Welcome to BSA Images of the Week. Happy Purim! Streets in Brooklyn were wild with Hasidic Jews in funny costumes the last couple of days, accompanied by loud music and seemingly drunk men weaving through the streets.
“The efforts of underpaid artists and arts professionals have always powered NYC, but in an ongoing crisis, NYC is turning its back on them,” Nuyorican Poets Cafe Executive Director Daniel Gallant told the Daily News this week, referencing job losses that have affected 2/3rds of New York’s creative community. We are in crisis. And national leaders have been quibbling over a $1,400 check – which is only the third check for poor and middle-class people in a 1 year period. One month’s rent can be that much.
Meanwhile on the street we have been seeing a boon of new creative displays by artists – with a broad sweep of themes and techniques.
Here’s our weekly interview with the streets, this week featuring Allie Kelley, Aya Brown, Billy Barnacles, Bobo, Elianel Clinton, Fells, George Ferrandi, George Collagi, Gianni Lee, Icebox, Megan Gabrielle Harris, Merch, Plan9, Sara Lynne-Leo, Sasha Lynn, Shoki San, and Swoon.
In collaboration with SaveArtSpace.Org Swoon and Giani Lee curated a series of billboards in NYC and In Los Angeles asking the artists involved to focus on the themes of climate change, racial justice and the places where those concerns intersect. Below we share with you some of the billboards we found in NYC.
Here’s our weekly interview with the streets, this week featuring Almost Over Keep Smiling, Billy Barnacles, Gianni Lee, City Kitty, CRKSHNK, Early Riser NYC, Seven Line Arts Studio, M*Code, Ori Carino, Sticker Maul, Turtle Caps, Urban Russian Doll NYC, and You Go Girl!
It’s great to see that artists on the streets are actually reaching out to help passersby with enthralling words of encouragement these days – the signs and messages we’re seeing are sentiments such as “We will persevere!” and “No Fear. Keep Going!”
Perhaps it is the vacuum of support that has been created by the Divider in Chief – as well as the acquiescent one-party corporate Demoblicans who all haven’t the slightest desire to lead or actually support you in these times of crisis for millions.
And to this we add our voice; Hang in there people! You got this! We are going to pull through this stronger and more united, despite the disinformation war that is arrayed before us. Today people are once again taking to the streets around the world in a populist fervor not seen since the ’60s when Baby Boomers hadn’t abandoned their principles yet. What a pendulum we swing on!
Here’s our weekly interview with the streets, this week featuring Buff Monster, Dan Witz, Gianni Lee, Mtitya Pisliak, Praxi, Skewville, and Techno Deco.
The fires of summer still burn, as do their romances. Yet September 1 brings news of the racing teams of muscular autumn artworld horses just beyond the next valley, thundering their way through the streets of New York to the galleries and museums. Among the cries, “Hail Henry!” “Hail JR!” “Hail Roger!”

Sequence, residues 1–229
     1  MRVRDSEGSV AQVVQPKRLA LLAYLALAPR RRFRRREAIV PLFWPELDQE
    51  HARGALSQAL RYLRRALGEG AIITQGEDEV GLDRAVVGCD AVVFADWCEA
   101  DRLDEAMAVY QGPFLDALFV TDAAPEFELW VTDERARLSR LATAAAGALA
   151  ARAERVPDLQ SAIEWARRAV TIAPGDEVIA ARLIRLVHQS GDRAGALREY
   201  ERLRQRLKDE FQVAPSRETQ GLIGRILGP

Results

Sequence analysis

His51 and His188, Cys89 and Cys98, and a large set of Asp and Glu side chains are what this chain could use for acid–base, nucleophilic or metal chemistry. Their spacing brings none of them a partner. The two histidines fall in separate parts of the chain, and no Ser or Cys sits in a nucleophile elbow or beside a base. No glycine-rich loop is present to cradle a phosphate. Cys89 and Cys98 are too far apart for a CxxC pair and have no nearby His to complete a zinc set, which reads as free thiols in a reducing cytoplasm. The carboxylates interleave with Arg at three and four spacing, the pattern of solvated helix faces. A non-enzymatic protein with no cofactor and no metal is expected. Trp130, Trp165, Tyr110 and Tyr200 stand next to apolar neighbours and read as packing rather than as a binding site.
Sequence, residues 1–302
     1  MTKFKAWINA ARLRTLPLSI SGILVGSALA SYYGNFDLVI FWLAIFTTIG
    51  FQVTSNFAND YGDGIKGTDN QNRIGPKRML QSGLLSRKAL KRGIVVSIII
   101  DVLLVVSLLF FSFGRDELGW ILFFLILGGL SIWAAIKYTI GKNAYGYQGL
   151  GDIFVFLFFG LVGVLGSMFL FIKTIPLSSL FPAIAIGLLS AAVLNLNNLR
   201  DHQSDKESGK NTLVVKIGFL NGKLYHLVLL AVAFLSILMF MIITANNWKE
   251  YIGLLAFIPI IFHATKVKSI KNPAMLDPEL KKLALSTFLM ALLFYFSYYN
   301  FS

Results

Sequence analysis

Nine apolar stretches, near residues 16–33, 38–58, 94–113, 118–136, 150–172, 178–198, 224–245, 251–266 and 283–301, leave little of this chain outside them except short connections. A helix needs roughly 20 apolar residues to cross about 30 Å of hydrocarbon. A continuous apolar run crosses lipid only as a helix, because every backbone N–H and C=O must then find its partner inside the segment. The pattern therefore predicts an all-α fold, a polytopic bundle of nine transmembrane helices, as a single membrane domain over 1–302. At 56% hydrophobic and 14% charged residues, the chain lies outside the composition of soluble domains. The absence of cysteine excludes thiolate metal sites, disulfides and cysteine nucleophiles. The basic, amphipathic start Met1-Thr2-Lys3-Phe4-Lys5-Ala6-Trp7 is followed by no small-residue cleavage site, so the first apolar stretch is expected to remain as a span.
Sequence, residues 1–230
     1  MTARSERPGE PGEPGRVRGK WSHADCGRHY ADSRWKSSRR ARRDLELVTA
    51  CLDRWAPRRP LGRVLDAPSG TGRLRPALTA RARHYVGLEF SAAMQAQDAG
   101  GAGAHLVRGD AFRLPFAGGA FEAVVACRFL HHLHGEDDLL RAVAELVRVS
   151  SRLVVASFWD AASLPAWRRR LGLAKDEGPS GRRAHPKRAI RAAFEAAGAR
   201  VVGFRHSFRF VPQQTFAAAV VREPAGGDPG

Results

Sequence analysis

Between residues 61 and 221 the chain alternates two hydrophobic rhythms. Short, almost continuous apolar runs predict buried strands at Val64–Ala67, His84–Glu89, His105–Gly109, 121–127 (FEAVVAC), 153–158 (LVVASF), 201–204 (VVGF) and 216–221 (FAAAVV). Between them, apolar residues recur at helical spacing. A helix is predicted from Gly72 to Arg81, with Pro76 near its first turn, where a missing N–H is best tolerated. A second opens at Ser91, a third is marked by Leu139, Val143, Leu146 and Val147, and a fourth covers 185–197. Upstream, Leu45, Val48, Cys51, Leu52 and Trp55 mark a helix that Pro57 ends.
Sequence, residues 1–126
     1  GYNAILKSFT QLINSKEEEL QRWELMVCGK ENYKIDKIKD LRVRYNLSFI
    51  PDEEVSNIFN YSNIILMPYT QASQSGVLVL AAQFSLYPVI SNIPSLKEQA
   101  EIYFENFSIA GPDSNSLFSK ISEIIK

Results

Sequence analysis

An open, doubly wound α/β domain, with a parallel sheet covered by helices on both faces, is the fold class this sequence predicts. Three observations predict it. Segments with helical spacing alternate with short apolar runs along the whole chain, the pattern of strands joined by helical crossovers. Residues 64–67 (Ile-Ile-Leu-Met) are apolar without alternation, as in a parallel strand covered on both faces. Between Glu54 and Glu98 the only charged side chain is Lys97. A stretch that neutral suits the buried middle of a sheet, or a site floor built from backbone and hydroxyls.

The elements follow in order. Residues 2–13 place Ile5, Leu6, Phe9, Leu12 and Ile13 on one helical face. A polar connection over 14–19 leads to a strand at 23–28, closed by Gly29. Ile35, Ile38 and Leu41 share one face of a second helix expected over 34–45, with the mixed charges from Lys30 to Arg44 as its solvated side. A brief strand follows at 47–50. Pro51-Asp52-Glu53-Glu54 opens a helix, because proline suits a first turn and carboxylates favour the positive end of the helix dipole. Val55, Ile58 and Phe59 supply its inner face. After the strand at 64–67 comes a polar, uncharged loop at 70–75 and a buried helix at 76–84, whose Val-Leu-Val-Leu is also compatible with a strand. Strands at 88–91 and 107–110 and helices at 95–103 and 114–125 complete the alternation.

And the streets! As inspiring and perplexing and exciting as ever, providing the ultimate exhibition.
Here’s our weekly interview with the street, this time featuring Dee Dee, Hugh Brisman, Hysterical Men, Jazz Guetta, City Kitty, Steve The Bum, De Grupo, Frank Ape, Gianni Lee, Never, Kendra Yee, Ruo Han Wang, Jazz Guetta, Nicholas Di Constanzo, Myth, Terry Urban, A Lucky Rabbit, Molly Crabapple, Ms Saffaa, and Vy.
For some humorous summer reading ; the white-gloved New York Times took their semi-annual trip on the subway – just to stay in touch with the commoners – and was scandalized by the tawdry state of advertising in the subways, with suggestive phallic shapes and ladies posing in underwear and what not. NYT was not however scandalized by the chronically destitute conditions of subway infrastructure like the enormous pieces of peeling ceiling poised to drop on people at the Chambers station for example. Or the rats. Or the lack of garbage cans, police officers, newsstands, air conditioning or the the $2.75 fare that has outpaced inflation – meaning that the equivalent of a 1987 fare would be about $2.03 if it had stayed with inflation, for example. That’s hardship on New York’s poor families – but New York Times is not talking about that.
Here’s our weekly interview with the street, this time featuring Almost Over Keep Smiling, Appleton Pictures, Banksy, City Kitty, Dr. SCO, Early Riser, FAUST, Gianni Lee, Heck Tad, Lambros, M*Code, Neon Savage, Shepard Fairey, and The Postman Art.
Shepard Fairey’s portrait of actor and activist Rosario Dawson on the water tank of a Manhattan building called “Power & Equality. The image celebrates this Lower East Side original who has been a champion activist for girls and women and who stays true to her roots.
We have been documenting this artist’s work for years now. His message is about diabetes/diabetic awareness and its causes, our addiction with sugar and the food industry relentless habit of adding sugary ingredients on almost all prepared foods…that and the innordinate sugar amounts on soft drinks of course. So it was a big surprise to have caught the artist in action while putting work on his usual spot on the magnet wall in Chelsea.